Talk about your basic bummers, your really worthless wasted nights at the old ballyard.
Fenway Park was full of 30,618 fans who couldn't have cared less that their Boston Red Sox beat Baltimore tonight, 3-2, in a game that was almost meaningless for both teams.
The Sox are going nowhere, thanks largely to the Orioles, while the Birds, who had a seven-game winning streak snapped, have their magic number down to nine with 21 to play and have reached the yawning stage of their waltz to the division flag.
What this gang, every man jack of them, wanted to see was Carl Yastrzemski's 3,000th hit. The governor of Massachusetts and the president of the American League were here, and Sox officials said they were primed for a phone call from "someone in Washington."
So Yastrzemski went oh for four, never hit the ball hard, stranded four runners, including two on third base with one out, and looked like an overeager man about to go into a slump.
In the Boston locker room afterward, Yastrzemski sat by his cubicle -- feet up, cigarette in one hand, beer in the other -- and talked calmly and dryly, as he has for the last three days of this Yaz watch, about how he wants more than anyone to end the suspense. In those three games he was one for 12, leaving him locked at 2,999.
"I've got relatives from all over the country who are here for every game," he said, sheepishly. "I don't know how many Yastrzemskis are going to lose jobs."
Besides Yaz stood his son, Mike, a student at Florida State; "If I don't hurry and get this finished," said father Yaz, "he's going to flunk out of school."
Seldom in Fenway annals have so many Boston fans gone home disgusted by a victory over Baltimore.
Many thousands left the packed stands, as if on cue, the instant that Yastrzemski grounded out in the eighth inning.
"I looked around," said O's center fielder Al Bumbry, "and I thought these people were having a fire drill."
Those thousands who remained rooted gingerly for the Orioles to tie the game in the ninth so that Yaz could bat in extra innings.
"It was weird," said Oriole Ken Singleton. "I never thought I'd hear people in Fenway yelling for us to tie up a game against the Red Sox in the ninth."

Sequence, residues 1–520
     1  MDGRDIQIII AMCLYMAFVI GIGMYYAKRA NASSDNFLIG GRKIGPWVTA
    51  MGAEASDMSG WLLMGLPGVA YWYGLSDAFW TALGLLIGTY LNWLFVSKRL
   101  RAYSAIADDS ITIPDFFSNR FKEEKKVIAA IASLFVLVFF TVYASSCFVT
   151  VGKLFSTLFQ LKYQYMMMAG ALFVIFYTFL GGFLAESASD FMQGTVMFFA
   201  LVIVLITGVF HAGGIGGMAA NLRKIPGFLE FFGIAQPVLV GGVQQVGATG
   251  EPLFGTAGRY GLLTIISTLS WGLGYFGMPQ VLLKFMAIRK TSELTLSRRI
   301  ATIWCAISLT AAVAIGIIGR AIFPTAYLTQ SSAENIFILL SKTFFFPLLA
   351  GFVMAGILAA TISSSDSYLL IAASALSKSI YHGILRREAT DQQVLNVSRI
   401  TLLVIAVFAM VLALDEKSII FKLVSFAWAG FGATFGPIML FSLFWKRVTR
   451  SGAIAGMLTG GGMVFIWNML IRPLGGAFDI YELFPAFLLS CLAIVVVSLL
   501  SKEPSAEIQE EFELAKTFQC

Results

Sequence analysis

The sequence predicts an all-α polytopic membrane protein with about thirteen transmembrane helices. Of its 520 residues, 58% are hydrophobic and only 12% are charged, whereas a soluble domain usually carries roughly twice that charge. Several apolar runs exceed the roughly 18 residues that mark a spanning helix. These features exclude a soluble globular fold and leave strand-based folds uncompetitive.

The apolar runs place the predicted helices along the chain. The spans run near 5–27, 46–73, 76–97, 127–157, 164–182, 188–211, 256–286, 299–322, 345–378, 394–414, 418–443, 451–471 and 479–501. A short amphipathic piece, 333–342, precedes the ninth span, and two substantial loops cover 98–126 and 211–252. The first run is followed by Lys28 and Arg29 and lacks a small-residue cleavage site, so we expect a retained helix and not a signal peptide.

Sox reliever Dick Drago, who got the last three outs, felt the strange atmosphere. "I knew what they were all thinking, but I said to myself, 'Noooo way,'" Drago said.
This was a night for groans and kicking the cat. Nothing went right. Both clubs seemed disinterested, as though Yaz made their game superfluous. Six double plays turned the night into an evening of anticlimaxes. Four of the twin killings gave Sox starter Bob Stanley a mighty assist toward his 15th win.
Dennis Martinez (15-13) managed his 18th complete game as the Orioles left town, winners of three of four in the series. Had he been just a bit better mentally prepared for the boisterous first inning, this game might have ended 2-1 the O's way.
Martinez, the right-hander who seems to be the Birds' designated pitcher against Boston, was extremely shaky in the first inning, perhaps because the throng began its pleading for Yaz's 3,000th as soon as the first Sox hitter appeared.
After the wild-high Martinez, who has a 6-8 career mark against Boston, walked leadoff man Jerry Remy, Rick Burleson slapped a hit-and-run grounder into left.
Martinez, who shut out Toronto his last start, had almost brilliant stuff, especially a live fast ball, but seemed mystified by the noise.
But Boston's Fred Lynn and Jim Rice each pounded a fast ball to the opposite field. Lynn rattled an RBI double off the wall, then Rice hit a fly, held up by the wind, for a sacrifice, and a 2-0 lead.
As the crowd stood, Yastrzemski approached the plate for the first of his disappointments. With a man on third and one out, he grounded harmlessly to first.
It was the same in the third. Lynn and Rice again took Martinez the other way, Lynn dented the wall for his second double, then Rice hit the bullpen fence in right with an RBI triple which Gary Roenicke did not pursue too well.
Once more, with a man on third and one out, Yastrzemski tried to pull a fast ball. He bounced to Murray, helping kill a rally.
That's when the double plays started. For the next hour, the teams ended potential rallies with perfect DP balls. How thrilling.
After Stanley retired the first nine o's, Bumbry smashed a single past the pitcher's ear and took third when Kiko Garcia grounded a hit to center, just past Stanley's glove.
Then Singleton hit the double play ball to score a run but kill any chance of a big inning.
After Boston's Gary Allenson answered with a DP dribbler to help Martinez in the home fourth, the Birds reciprocated in their fifth inning.
Lee May battled for a walk after falling behind 0 and 2 and Gary Roenicke cracked a single just six feet from the top of the wall in left. It was Doug DeCinces who made two outs with one swing on a routine grounder to short. Once more, an O's run scored to cut the deficit to 3-2, and once more the Sox were glad to accept the deal.
Once a swarm of DPs get into the bat racks, they just won't get out. It's a first-class infestation.
The Sox got a leadoff walk in the sixth, but would they turn it into an insurance run? No. Butch Hobson hit that DP disaster. The O's reciprocated immediatley in their seventh when Murray's wheeled walk was wiped out by May, who is Mr. 6-4-3.
The Birds managed to get a man to second with two out in the eighth, but Bumbry fanned. That gave the O's two men left on base in the game. All the others were erased at bargain prices.
Finally, in the ninth, pinch hitter Terry Crowley kayoed Stanley by walking. With the heart of the Oriole order due, Zimmer called for Drago. Zimmer needn't have worried.
Singleton immediately hit into, what else, a double play, and the last Oriole threat was done.